2. Once you remove the pork chops from the skillet, immediately reduce the heat and pour the cream and mustard in the skillet you just cooked the chops in. This adds the extra flavors from the meat and helps bind the sauce to the meat to make it uniform!
Love both of your tips, Joshua! Thank you so much for taking the time to share them.
Yum! These look fabulous. Can’t wait to try it!
Nicole Hood says
I am dying over how amazing and juicy these chops look!
Jyothi (Jo) says
Those pork chops looks so amazingly delicious and i’m totally digging that creamy mustard sauce. Just fab
[email protected] says
Oh wow! I’m a huge fan of bone-in pork chops and a huge fan of cast iron cooking – so this recipe is speaking my name!! Loving everything about this, my friend!
Kelly Lynns Sweets and Treats says
I love using my cast iron skillet for cooking….that brown crust 🙂 Your pork chops look divine and I love an easy recipe 🙂
YES! I’m a huge fan of brining pork chops, it’s seriously the best way to go. However, I haven’t infused a brine with fresh herbs and garlic so I’m definitely going to try it! Amazing food photography once again, great job!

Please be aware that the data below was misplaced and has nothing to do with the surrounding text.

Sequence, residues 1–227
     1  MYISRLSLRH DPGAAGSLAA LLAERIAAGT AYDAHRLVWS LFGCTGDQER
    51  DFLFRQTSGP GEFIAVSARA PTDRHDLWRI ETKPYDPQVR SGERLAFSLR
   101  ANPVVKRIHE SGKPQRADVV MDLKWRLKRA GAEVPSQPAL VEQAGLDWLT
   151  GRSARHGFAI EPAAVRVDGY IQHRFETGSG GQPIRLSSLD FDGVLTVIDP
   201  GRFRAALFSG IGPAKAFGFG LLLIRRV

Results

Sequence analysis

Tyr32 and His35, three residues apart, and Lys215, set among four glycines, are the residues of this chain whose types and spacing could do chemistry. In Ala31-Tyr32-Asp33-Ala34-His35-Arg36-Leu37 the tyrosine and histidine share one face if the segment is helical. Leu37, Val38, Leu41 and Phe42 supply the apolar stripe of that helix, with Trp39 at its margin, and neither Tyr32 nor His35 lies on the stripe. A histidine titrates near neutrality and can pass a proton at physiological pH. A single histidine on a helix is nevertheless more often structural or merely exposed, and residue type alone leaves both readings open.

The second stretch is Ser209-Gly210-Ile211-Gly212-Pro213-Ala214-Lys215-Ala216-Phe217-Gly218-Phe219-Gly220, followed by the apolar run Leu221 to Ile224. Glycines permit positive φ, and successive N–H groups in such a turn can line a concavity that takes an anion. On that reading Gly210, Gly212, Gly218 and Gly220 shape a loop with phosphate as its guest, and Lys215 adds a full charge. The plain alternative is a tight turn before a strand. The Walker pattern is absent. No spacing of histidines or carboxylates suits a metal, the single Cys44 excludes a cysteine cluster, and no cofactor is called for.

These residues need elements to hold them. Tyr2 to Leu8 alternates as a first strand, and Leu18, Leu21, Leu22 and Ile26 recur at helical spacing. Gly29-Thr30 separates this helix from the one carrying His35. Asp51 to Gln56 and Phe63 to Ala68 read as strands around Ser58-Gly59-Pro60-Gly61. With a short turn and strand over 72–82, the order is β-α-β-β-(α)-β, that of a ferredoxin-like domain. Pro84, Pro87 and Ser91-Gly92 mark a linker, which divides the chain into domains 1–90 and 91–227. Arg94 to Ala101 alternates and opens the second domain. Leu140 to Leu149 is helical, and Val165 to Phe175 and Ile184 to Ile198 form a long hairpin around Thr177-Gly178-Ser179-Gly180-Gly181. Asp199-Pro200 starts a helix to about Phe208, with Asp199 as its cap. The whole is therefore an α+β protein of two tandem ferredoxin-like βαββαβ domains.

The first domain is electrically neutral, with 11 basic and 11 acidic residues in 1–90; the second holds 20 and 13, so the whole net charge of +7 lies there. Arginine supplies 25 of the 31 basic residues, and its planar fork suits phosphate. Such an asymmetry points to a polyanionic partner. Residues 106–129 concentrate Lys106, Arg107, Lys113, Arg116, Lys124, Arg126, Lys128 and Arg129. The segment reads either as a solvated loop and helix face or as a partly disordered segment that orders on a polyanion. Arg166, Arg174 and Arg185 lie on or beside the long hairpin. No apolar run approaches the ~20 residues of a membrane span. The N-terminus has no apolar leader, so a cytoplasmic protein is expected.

Nicoletta @sugarlovespices says
I am not a meat “connoisseur”, but usually pork chops have the bad rep of being dry and tough. Not these ones! They look so juicy and tender, and that mustard sauce on top, well, I have to tell Loreto and he will be all over this dish! 🙂
These pork chops look phenomenal – juicy, tender, and beautiful seared. And this creamy mustard sauce? Perfection!
Thank you, Ben!
Kelsie | the itsy-bitsy kitchen says
Cast iron skillets make everything taste better right? These pork chops look just fabulous and I love how quick they are to prepare. Plus I’m pretty sure I could eat that sauce with a spoon–mustard is my favorite 🙂
Yes! We are such fans of mustard too:) This sauce is great with all kinds of pork but also cast iron chicken thighs etc. Have a great weekend!
Dawn - Girl Heart Food says
Pork chops is something we don’t eat often, but when we do we really enjoy them. And there’s something that makes cooking them in the cast iron pan even tastier, isn’t it? Though, that creamy sauce ain’t gonna hurt either 😉 I could probably drink that, lol. Though, if I did, I probably would never get off the treadmill, lol. Total comfort food, total deliciousness! Happy weekend, you guys! Cheers!
Definitely! Cast iron is the way to go with pork chops:)